Among cancer prehabilitation programs focusing on pelvic floor muscle training, only one study (Centemero et al., 2010) showed significantly improved QOL in people with prostate cancer; the 30-minute intervention in this study was provided twice weekly in the eight weeks prior to surgery. In other studies with programs focusing on pelvic floor muscle training, the intervention consisted of a single session of 30–45 minutes offered seven days prior to surgery; improved QOL was not noted, which calls into question the effectiveness of a single intervention session (Burgio et al., 2006; Tienforti et al., 2012).
Studies have shown that people with prostate cancer have lower levels of anxiety, depression, and social inhibition and increased QOL with improvements in urinary continence (Zhang, Strauss, & Siminoff, 2006). Pelvic floor muscle training is considered to be the first-line treatment for urinary incontinence (Newman & Wein, 2013). In studies in which pelvic floor muscle training programs demonstrated significant improvements to urinary continence, interventions were conducted at least twice (Filocamo et al., 2005; Sueppel, Kreder, & See, 2001; Van Kampen et al., 2000). The two studies in which the results did not show improved QOL (Burgio et al., 2006; Tienforti et al., 2012) incorporated only a single session.
A significant outcome of interventions focusing on pelvic floor muscle training is whether people with cancer can correctly identify the pelvic muscles to perform the exercises. Newman and Wein (2013) suggested that researchers should check with participants to determine if the correct muscles are being used after the first training session. Accordingly, having at least two intervention sessions can help researchers verify whether the exercises are being correctly performed prior to surgery. One recommendation for physical cancer prehabilitation programs focusing on pelvic floor muscle training is to devote the first session to teaching the exercises to participants and the second and additional sessions to determining whether participants are correctly performing the exercises.
All studies centered on cancer prehabilitation programs with pelvic floor muscle training interventions asked participants to practice these exercises daily at home. However, the frequency of this practice is important to consider. Newman and Wein (2013) suggested that people with cancer should perform at least 45–60 pelvic floor muscle exercises per day.
Urinary incontinence is the most common complication after surgery in people with prostate cancer, and it may cause anxiety, depression, and social inhibition, which can affect an individual’s psychological and social QOL (Parekh et al., 2003). The severity and duration of urinary incontinence also affects QOL and should be considered in the intervention (Parekh et al., 2003). Two studies (Centemero et al., 2010; Tienforti et al., 2012) examined in this review used specific QOL instruments in people with cancer (International Continence Society male short form questionnaire in the former study, International Prostate Symptom Score quality of life in the latter study). Choosing specific instruments to assess participants’ QOL should be considered in the research design process.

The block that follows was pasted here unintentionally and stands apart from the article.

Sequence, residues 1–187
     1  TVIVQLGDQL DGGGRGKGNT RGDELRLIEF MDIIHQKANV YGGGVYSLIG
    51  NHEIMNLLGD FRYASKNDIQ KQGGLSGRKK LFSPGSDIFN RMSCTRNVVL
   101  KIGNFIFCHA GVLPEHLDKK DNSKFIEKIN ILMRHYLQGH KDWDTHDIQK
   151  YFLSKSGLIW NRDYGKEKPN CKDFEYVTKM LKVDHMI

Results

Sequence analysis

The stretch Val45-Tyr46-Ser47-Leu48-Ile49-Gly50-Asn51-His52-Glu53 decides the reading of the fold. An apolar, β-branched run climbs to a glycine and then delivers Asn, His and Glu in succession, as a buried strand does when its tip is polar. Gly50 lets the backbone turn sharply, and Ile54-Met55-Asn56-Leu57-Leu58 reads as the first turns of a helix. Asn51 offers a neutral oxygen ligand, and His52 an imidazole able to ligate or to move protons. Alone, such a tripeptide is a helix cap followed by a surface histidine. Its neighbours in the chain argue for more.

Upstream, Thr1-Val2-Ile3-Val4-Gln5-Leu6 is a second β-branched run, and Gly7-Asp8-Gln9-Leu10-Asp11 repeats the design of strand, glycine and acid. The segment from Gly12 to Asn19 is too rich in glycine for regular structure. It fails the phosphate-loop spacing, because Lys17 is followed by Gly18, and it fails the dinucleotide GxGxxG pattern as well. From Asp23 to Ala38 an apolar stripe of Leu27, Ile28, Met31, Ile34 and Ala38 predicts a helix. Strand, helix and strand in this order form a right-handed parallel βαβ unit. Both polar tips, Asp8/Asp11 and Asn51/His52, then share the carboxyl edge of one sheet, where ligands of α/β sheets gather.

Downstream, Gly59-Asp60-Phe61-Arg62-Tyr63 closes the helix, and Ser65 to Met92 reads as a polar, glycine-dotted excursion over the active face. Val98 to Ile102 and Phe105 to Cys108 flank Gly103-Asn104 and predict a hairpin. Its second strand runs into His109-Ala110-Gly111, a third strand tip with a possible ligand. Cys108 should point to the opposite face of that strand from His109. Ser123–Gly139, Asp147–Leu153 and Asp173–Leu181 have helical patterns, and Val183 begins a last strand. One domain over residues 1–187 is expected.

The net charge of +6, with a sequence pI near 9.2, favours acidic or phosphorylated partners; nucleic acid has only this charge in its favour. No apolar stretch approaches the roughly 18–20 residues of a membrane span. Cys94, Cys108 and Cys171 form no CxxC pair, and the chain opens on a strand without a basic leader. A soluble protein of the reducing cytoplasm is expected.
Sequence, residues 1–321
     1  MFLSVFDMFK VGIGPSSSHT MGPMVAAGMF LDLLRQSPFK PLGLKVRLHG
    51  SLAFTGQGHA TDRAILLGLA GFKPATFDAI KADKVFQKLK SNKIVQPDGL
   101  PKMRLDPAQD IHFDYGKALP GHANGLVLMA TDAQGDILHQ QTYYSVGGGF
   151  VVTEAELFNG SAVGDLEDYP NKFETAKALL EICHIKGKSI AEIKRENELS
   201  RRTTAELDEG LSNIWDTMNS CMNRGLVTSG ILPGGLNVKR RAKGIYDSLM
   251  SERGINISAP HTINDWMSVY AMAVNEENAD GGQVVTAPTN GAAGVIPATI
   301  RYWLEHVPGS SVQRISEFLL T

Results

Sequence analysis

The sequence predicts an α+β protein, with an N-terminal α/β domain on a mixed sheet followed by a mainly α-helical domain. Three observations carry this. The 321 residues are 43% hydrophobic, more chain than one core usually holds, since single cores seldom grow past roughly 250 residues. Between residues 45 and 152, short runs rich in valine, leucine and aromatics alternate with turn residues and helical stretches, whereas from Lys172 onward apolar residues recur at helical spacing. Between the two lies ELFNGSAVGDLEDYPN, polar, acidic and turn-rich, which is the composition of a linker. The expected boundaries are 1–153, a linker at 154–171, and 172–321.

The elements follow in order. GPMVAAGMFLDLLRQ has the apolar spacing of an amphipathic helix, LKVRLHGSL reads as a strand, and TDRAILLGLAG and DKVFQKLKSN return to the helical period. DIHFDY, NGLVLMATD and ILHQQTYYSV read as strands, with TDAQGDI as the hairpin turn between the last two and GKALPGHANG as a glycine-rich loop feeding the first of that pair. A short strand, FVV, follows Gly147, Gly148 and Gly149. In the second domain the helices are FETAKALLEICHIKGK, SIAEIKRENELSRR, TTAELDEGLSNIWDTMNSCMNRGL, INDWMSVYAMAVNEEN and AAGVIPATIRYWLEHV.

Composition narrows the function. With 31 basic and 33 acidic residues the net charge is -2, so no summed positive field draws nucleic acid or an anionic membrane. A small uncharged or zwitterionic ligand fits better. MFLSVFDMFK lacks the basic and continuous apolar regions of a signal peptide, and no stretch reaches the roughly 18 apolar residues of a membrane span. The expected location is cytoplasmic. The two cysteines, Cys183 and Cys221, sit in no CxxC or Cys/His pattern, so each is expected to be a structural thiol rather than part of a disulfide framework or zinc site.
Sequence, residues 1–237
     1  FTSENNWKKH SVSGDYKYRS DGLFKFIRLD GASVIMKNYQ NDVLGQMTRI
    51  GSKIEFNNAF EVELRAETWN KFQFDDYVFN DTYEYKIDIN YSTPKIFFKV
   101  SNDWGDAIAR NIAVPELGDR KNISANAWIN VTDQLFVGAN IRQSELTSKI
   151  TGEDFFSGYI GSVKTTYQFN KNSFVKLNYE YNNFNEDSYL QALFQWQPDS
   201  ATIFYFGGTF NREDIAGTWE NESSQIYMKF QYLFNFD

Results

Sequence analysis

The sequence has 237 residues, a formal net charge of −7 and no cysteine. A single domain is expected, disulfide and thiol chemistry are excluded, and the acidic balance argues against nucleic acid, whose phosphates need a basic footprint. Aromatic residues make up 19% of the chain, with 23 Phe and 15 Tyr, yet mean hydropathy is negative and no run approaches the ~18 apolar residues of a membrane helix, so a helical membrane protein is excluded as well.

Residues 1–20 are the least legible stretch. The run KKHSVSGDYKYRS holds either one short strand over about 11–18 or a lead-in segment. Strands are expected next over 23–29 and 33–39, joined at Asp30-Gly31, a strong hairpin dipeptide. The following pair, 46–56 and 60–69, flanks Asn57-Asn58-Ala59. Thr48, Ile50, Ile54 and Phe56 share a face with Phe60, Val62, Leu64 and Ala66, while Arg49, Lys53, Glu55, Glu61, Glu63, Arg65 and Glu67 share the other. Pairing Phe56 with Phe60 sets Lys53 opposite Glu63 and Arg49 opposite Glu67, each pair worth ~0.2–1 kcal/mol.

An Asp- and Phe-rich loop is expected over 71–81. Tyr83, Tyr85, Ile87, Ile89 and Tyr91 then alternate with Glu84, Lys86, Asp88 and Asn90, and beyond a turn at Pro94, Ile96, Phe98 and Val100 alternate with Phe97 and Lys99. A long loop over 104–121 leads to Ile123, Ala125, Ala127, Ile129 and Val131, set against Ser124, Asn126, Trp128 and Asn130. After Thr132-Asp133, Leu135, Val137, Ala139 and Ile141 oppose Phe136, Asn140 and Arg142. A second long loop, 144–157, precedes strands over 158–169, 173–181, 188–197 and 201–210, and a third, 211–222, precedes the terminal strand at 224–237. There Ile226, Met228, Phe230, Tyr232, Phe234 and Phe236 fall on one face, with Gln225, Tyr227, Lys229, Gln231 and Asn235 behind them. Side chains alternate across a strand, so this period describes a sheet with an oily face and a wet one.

Psychological cancer prehabilitation programs: For this review, two studies (Garssen et al., 2013; Parker et al., 2009) were examined that looked at psychological cancer prehabilitation programs focusing on stress management training in people with early-stage breast or prostate cancer. However, just the study by Garssen et al. (2013) demonstrated improvement in overall QOL. These studies varied in terms of content and intervention dose. In the Garssen et al. (2013) study, the intervention was administered prior to surgery (5 days before and 1 day before) and after surgery (2 days after and 30 days after); the intervention was also given for a total of 180–240 minutes during five weeks, compared to 70–105 minutes in one to two weeks in the Parker et al. (2009) study.
Rehse and Pukrop (2003), who conducted a review concerning the effects of a psychosocial intervention on QOL in people with cancer, found that at least 12 weekly intervention sessions are needed to improve QOL in people with cancer; they attributed this need to the significance of the relationship between the psychologist and the person with cancer, particularly the stability and level of trust established, in psychosocial interventions. Psychological cancer prehabilitation programs may need at least four intervention sessions, with each session lasting 45–60 minutes, to improve the effect of the intervention on QOL (Rehse & Pukrop, 2003).
Trained psychologists play an important role in guiding people with cancer in psychological cancer prehabilitation programs (Gearing et al., 2011), but two studies (Garssen et al., 2013; Parker et al., 2009) focusing on stress management training stated only that the interventions were conducted by a clinical psychologist and did not provide any details about his or her professional experience. Adequate training and management of those who administer interventions are necessary, particularly for social, psychological, and behavioral interventions (Gearing et al., 2011). The effect size of the Garssen et al. (2013) study was 0.29–0.32 among four QOL measurement time points (days 2, 5, 30, and 90 postsurgery), which is consistent with the effect size of 0.31 in the Rehse and Pukrop (2003) study.